Wireless and the new 802.11ac standard.Tweet
What comes to mind when you hear the word “wireless”? We commonly associate this word with the connection of a device, such as a laptop or phone, to the internet without the use of wires. There are multiple ways of doing so, one of the most notable methods would be WLAN. WLAN stands for “wireless local area network”, and is marketed under the brand name “Wi-Fi”. This is most likely the best choice for businesses for a variety of reasons.
WLAN’s main purpose it to connect two or more devices to the internet and to each other through a wireless hub. The most common method used in the communication of the devices to the wireless hub is the use of radio waves. What makes WLAN secure is the fact that all of the data sent over the network is encrypted. Put simply, encryption is the conversion of data into code that is unreadable to anyone who is not authorized to see it.
WLAN is created and maintained by the Institute of Electrical and Electronics Engineers Standards Association which is abbreviated into IEEE-SA. This association develops strict global standards for a range of different industries. Each standard that it produces goes through a seven stage process of voting and reviews that ensures it is reliable and fair. Now most modern WLAN hubs are built under the IEEE 802.11-2012 standard, which had been published on March 29, 2012. This standard including multiple specifications for Medium Access Control (MAC) and Physical Layers (PHY) to allow a higher throughput at a maximum of 600 Mb/s (megabytes per second) and the ability to have mesh networking which eliminated the need to connect devices through wires to communicate with each other. This works by having a collection of different radio nodes for wireless communication. It also put in place certain specifications that required direct link setups between wireless stations to reduce the handoff delay in WLAN devices. Along with other modification this proved an operation in the range of 3650-3700MHz frequency band.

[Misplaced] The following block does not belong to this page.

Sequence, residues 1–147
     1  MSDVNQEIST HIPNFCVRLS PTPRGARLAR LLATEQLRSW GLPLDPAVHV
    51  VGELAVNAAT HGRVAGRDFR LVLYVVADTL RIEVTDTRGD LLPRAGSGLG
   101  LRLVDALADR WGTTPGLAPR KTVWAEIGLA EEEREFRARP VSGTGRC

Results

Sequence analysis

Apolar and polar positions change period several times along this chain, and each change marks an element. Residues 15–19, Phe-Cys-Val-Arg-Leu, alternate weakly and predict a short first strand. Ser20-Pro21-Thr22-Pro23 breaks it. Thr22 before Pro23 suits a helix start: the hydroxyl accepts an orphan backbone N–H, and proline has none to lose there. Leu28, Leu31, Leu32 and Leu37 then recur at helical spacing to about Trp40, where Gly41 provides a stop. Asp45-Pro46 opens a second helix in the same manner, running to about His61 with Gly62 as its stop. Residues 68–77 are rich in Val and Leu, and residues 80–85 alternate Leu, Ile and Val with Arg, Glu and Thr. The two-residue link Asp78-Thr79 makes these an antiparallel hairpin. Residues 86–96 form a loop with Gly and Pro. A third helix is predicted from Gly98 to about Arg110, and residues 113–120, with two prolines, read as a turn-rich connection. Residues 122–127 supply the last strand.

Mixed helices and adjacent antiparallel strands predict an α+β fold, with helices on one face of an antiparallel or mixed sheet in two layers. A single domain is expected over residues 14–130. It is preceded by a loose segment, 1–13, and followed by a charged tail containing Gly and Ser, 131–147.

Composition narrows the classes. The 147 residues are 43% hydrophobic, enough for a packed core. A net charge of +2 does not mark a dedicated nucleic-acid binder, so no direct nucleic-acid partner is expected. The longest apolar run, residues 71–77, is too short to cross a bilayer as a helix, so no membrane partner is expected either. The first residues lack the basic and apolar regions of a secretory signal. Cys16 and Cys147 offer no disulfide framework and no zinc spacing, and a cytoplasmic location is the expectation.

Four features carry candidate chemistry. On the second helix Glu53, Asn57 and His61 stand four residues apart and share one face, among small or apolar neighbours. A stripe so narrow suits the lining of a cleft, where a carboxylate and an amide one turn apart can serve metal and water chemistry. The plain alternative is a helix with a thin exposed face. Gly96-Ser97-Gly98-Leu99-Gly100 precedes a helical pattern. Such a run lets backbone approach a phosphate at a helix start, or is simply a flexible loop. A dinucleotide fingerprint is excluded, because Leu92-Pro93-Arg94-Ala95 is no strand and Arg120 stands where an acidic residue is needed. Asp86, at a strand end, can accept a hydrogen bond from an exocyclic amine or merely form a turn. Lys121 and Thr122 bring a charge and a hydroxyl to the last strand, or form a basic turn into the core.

The IEEE is always coming out with new standards to improve performance.
In the end of year 2013 they released the IEEE 802.11ac Standard which started its development in 2011. The new mandatory feature of this standard was an 80MHz channel bandwidths which can extend up to 160MHz bandwidth per channel (compared to a maximum of 40MHz per channel in the IEEE 802.11-2009). Other mandatory features that were carried over from the IEEE 802.11-2012 are 800ns regular guard intervals, binary convolutional coding (BCC, a method to encoding data), and a single special stream. In addition, the IEEE 802.11ac allowed for a maximum of 1Gb/s throughput, which is nearly double that of the IEEE 802.11-2012.
While devices that meet these standards are in production and in use today, they are expected to become a lot more popular by the year 2015. What does this mean for you? Within the next few years, internet will become faster and lag will diminish. But this isn’t the end, the IEEE-AS is constantly creating and maintaining new standards.